Public Description of Suillus Gray

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Name: Suillus Gray
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Description status: Unreviewed

Taxonomic Classification:

Domain: Eukarya
Kingdom: Fungi
Phylum: Basidiomycota
Class: Agaricomycetes
Order: Boletales
Family: Suillaceae

General Description:

Bolete with viscid cap and/or partial veil and/or glandular dots on stem; olive- to dark-brown spore print. Almost all Sullus species are Pinaceae associates.
Cap can be dry to strongly viscid, smooth to strongly fibrillose or scaly.
Partial veil can: sometimes leave an annulus on the stem; be cottony, viscid, or elastic-membranous; sometimes leave tissue at cap margin and thus appendiculate.
Pores often appear somewhat radially elongated/radially arranged, mouths often slightly angular or irregular in appearance.
Stipe with or without small, slimy glandular dots.

Diagnostic Description:

Structures of the fungi in this genus in common with members of the family Boletaceae including the presence of a cylindrical stipe, fleshy pileus, soft context and tubular hymenium. Pileus surface viscid to glutinose and glabrous, slimy and sticky when moist or dry and fibrillose-squamulose, the fibrils or scales superimposed above a gelatinized layer, more rarely innate, detersile or not, sometimes with appendiculate remnants. Microscopically an ixotrichodermium or a trichodermium, or also a two-layered cuticle consisting of an upper trichodermal and a lower gelatinous layer.
Context white or pale yellow, unchanging or staining pale reddish or turninggreenish-blue by autooxidation. Hymenophore adnate to adnexed, sometimes decurrent, whitish, grey, yellow, orange or pale cinnamon brown, seldom bruising bluish or greenish. Pores small to wide, occasionally boletinoid. Stipe solid, dry or glutinous, veil present or absent, often forming an annulus or merely a velar appendiculation on the margin of the pileus, typically with but also without glandular dots or smears. Bilateral hymenophoral trama boletoid. Spores smooth, elongate, short fusoid, usually cinnamon brown or chocolate brown in mass, sometimes with olivaceous tinge. Hymenial cystidia rather large and mostly covered by a colored incrustation, usually clustered, with amorphous brown pigmentation at the base. Clamp connections absent.
Distributed mostly in the northern temperate hemisphere and southward into the tropics to the southern limit of Pinaceae. Some species introduced adventitiously with pine trees in pine plantations outside of the indigenous area of Pinaceae; thus frequently occurring with transplanted Pinaceae. Species in the genus associated especially with members of the genera Pinus, Larix and Pseudotsuga, but also known with Betula spp. and Salicaceae; most species obligately mycorrhizal (SINGER 1986, ŠUTARA 1987 a, 2005, KLOFAC 2007, HALLING 2013); the strict affiliation to accompanying trees often overestimated (KRETZER & al. 1996, WU & al. 2000).2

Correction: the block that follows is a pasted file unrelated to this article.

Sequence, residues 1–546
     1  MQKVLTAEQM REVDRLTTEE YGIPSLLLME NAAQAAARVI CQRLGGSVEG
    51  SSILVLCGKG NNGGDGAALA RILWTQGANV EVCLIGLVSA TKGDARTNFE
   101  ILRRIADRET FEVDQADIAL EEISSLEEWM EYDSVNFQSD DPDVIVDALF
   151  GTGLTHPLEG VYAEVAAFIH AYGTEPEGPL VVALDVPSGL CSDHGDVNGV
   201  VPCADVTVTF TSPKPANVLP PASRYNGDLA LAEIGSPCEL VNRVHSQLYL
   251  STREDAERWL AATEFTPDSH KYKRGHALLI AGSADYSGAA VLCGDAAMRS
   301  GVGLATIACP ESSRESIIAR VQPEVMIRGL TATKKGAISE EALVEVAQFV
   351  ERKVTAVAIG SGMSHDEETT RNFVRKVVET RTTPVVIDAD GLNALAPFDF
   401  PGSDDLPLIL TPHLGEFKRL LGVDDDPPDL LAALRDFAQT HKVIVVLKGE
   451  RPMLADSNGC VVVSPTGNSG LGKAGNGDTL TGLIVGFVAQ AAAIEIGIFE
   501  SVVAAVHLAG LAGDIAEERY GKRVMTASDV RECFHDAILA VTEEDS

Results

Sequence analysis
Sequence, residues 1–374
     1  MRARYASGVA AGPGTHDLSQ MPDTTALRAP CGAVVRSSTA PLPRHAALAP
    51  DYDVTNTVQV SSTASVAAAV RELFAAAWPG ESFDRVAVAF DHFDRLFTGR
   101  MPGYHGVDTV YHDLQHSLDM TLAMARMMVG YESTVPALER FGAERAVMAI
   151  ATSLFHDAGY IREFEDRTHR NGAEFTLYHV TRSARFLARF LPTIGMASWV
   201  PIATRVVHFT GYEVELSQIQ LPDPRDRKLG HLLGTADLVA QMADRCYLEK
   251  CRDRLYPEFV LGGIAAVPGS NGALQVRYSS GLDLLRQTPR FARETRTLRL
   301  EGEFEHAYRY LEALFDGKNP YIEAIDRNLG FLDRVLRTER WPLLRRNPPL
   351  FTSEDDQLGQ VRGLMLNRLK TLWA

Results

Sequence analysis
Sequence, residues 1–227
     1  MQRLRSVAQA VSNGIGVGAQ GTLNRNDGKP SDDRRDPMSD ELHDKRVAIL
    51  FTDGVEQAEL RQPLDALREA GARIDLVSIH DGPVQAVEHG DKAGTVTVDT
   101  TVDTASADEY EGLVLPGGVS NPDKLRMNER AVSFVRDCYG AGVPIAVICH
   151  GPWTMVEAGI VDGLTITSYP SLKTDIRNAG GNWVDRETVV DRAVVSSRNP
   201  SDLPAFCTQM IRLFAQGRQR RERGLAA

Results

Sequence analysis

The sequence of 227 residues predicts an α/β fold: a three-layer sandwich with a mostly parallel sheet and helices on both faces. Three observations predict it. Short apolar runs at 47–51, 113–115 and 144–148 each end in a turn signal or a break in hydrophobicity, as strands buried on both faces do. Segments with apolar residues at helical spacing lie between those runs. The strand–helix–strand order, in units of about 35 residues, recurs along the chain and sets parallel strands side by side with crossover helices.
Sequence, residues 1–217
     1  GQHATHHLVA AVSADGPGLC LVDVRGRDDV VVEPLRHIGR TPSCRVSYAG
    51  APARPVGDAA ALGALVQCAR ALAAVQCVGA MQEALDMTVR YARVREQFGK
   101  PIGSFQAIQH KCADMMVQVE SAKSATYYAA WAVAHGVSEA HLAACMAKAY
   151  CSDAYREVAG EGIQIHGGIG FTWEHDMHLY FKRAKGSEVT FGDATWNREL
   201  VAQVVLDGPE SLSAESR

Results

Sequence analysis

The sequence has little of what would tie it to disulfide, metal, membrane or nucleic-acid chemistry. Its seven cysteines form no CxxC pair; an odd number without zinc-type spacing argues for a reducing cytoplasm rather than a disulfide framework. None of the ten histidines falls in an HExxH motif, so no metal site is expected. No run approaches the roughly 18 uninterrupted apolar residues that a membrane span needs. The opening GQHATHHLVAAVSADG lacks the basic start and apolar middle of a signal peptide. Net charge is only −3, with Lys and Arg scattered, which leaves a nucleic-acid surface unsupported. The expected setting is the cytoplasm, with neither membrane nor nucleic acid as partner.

The genus is extremely widespread, almost everywhere with native Pinaceous conifers, as well as wherever they have been introduced.


Almost all associate with conifers of the family Pinaceae.1
In North America, generally fruit abundantly in late summer and fall.5

Look Alikes:

Eaten by some; others dislike the texture. Many authorities recommend removing the top outer skin of the cap; this part is believed to cause indigestion. Some recommend removing the pore layer.


1 Index Fungorum Record #18623

2 Klofac, W. 2013. A world-wide key to the genus Suillus, Österr. Z. Pilzkd 22:211-278

3 MycoBank #18623

4 Nhu H. Nguyen, Else C. Vellinga, Thomas D. Bruns & Peter G. Kennedy (2016). Phylogenetic assessment of global Suillus ITS sequences supports morphologically defined species and reveals synonymous and undescribed taxa, Mycologia 108:6, 1216-1228 (also available via

5 Smith, A.H. and Thiers, H.D. (1964) A contribution toward a monograph of North American species of Suillus (pdf). (Image also available at

6 Gibson, Matchmaker: Mushrooms of the Pacific Northwest, Version 2.2.1 (2015) (application, latest version downloadable at

7 Suillus in Danny Miller, Pictorial Key to Mushrooms of the Pacific Northwest (version 2.2.155) (2017)


Common English name: Slippery Jack(s)

Description author: Christian (Request Authorship Credit)
Description editors: IntoTheFlames, Jay , Joseph D. Cohen